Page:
As he barely knew how to read and write, by some misunderstanding, he did not place the portions on the Holy Diskos properly.
When we place the portion of the All-Holy Theotokos on top of the Holy Diskos, we say; The Queen stood at thy right hand…”
The Geronda (Elder) Priest was under the impression that, since he said ”at thy right hand,” the portion of the All-Holy Mother of God must be placed on the right side of the Lamb (as he was looking at the Holy Diskos). In other words, he was placing the portions backwards.
Once a Bishop visited the Holy Monastery for the Ordination of a Deacon.
During the Psalms of Praise, when the Bishop enters the Holy Altar, he vests, then later goes to the Proskomedia, which has already been prepared up to a certain point. From then on he alone is the one to continue commemorating.
Thus, the Bishop noticed that the portions had been placed backwards by the priest:
“You did not place the pieces properly, father,” he told him.
“Father, come here for a minute. The All Holy Theotokos is placed over here and the Orders are placed over there. Hasn’t anyone told you; hasn’t anyone seen how you do the Proskomedia?”
“Certainly, Your Eminence,” replied the Geronda Priest. “Everyday, when I celebrate (for a day did not go by unless he celebrated the Divine Liturgy), the Angel who serves me sees what I am doing but does not tell me anything at all. I apologize, illiterate as I am, for making such a mistake; I will be careful from now on.”
“Who did you say? Who did you say serves you here?” asked the Bishop, “Isn’t he a monk who serves you?”
“No”, answered the Priest, “an Angel of the Lord.”
The Bishop fell silent, what could he have said, anyway? He was astonished and had certainly realized that a holy priest was standing before him.
At noon, following the meal in the trapeza, the Bishop said goodbye to the Abbot as well as the rest of the monks, and departed. The following day, as it was still night, when the Geronda Priest went to the Holy Altar in order to hold the Proskomedia.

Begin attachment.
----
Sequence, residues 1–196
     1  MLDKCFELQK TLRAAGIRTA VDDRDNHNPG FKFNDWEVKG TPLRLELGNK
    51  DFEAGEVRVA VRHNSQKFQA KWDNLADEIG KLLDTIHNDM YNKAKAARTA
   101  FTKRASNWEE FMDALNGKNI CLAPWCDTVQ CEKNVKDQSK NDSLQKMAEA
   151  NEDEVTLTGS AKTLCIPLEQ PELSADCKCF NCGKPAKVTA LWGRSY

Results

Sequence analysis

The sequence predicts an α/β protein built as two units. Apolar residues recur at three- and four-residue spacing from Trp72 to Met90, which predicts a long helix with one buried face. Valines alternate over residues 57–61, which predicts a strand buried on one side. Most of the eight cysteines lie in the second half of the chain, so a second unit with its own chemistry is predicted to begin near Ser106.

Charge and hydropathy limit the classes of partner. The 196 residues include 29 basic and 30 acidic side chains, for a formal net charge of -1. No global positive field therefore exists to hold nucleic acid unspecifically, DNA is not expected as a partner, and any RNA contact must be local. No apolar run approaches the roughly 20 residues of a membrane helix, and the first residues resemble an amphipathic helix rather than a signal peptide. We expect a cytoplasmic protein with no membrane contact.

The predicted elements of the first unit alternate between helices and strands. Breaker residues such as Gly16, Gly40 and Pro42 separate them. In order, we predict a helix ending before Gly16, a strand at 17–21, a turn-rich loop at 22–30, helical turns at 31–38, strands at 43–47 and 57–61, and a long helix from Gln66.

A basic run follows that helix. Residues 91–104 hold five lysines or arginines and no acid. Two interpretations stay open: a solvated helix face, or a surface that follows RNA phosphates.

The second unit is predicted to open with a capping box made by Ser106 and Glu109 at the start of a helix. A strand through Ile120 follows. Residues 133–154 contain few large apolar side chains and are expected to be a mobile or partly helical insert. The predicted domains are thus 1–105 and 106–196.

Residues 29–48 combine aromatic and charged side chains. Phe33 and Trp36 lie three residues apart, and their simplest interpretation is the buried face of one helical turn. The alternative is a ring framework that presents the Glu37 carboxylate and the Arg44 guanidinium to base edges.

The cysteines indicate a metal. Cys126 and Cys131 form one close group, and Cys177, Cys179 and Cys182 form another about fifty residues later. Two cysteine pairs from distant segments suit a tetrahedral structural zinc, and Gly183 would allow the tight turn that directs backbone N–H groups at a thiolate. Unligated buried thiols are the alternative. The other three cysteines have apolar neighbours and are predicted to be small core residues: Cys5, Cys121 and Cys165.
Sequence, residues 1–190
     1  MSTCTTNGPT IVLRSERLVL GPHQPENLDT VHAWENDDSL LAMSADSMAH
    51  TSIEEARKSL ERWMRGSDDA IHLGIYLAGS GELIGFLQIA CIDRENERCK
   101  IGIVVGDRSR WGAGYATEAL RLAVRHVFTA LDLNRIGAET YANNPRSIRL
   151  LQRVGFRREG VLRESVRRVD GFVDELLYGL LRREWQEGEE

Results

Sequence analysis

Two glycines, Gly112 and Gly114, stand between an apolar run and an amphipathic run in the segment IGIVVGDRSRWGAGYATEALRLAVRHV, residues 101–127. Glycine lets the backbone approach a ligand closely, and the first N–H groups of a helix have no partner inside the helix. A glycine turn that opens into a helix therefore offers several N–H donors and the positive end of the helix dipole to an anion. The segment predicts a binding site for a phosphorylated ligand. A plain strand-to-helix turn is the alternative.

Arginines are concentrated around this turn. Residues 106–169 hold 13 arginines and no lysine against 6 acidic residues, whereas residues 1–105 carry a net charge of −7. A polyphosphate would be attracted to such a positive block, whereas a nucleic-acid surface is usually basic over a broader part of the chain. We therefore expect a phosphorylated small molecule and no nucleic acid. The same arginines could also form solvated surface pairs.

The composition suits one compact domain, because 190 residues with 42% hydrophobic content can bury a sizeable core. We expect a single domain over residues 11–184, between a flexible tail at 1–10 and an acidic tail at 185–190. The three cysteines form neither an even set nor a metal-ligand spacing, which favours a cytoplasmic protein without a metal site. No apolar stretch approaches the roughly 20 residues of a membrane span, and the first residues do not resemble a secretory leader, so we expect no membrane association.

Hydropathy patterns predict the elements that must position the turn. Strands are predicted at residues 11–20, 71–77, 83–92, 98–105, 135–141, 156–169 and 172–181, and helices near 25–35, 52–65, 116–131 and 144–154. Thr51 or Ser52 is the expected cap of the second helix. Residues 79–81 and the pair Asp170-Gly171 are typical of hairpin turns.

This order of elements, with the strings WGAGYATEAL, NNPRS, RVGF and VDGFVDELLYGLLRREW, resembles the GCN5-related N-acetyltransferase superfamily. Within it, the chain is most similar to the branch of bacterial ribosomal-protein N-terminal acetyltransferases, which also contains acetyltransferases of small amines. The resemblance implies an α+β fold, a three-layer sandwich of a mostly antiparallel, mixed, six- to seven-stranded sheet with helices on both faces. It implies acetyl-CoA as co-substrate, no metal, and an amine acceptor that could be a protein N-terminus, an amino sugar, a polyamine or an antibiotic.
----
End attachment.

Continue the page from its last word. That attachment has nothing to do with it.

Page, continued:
The Angel of the Lord came down. During the act of breaking the Lamb, the Angel noticed that the Priest had placed the portions properly.
“Fine father!” he told the Priest. “Now you have placed them properly!”
“Yes, you knew the mistake I have been making for so many years!”
“And why didn’t you tell me anything; why didn’t you correct me?,” he asked.
“I could see it, but I do not have the right to tell you anything. I am not worthy to correct a Priest.”
~by Fr. Stephanos K. Anagnostopoulos
This incident was narrated to the author by the blessed departed Geronda Gabriel, who for a great period of time was the abbott at the Holy Monastery of Dionysios on Mount Athos.~
A pilgrim once met a hermit.
– “I want peace.”
The hermit took a piece of stick and wrote on the ground: ‘I want peace’.
-“Now, look how simple this is!”
In one move, he crossed out ‘I’.
“My child, you need to delete first the ‘I’. It is impossible for anyone who trusts in himself to find peace on his own, away from God. The ‘I” always feels threatened by everybody and everything and drives away God and His Peace.”
In one move, the hermit crossed out ‘want’.
My child, you need to delete the ‘want’ too. ‘Want’ reveals desires, needs and worldly attachments. No matter how many of your worldly desires you fulfil, new ones, unfulfilled, will upset you and deprive you from peace.”
Then, the pilgrim looked at the ground, saw the crossed out words and understood. ‘I’ and ‘want’ had been crossed out and … Peace was there!
About four months have passed since my Elder’s last ‘words’ about my future and my life circumstances have completely changed. Indeed, problems do not merely call forth our courage and our wisdom; they create our courage and wisdom. (I have a long way to go …) How can my Elder (and God) swipe away, with just one move, all my past and present, my job, my possessions, my ‘family’, my ‘home’, my … (you name it!)?
But they can, as I was about to find out the hard way. “No buts — just do as I tell you! God has revealed all that to me (!)” The past four months I learnt first hand the blessings of an Elder’s prayers as he ‘photographed’ and ‘micromanaged’ my single step thousands of miles away.
The sea was parted; I walked on the dry ground and crossed it. And left all my past life behind. What will my future be on this ‘other’ side? I have absolutely no clue, other than I must learn to cling to God and surrender to His Will, as no one has now been left for me, other than Him and my Elder.
Abba Allois said: “Unless a man say in his heart, Only I and God are in the world, he shall not find rest.”
Asking for your prayers…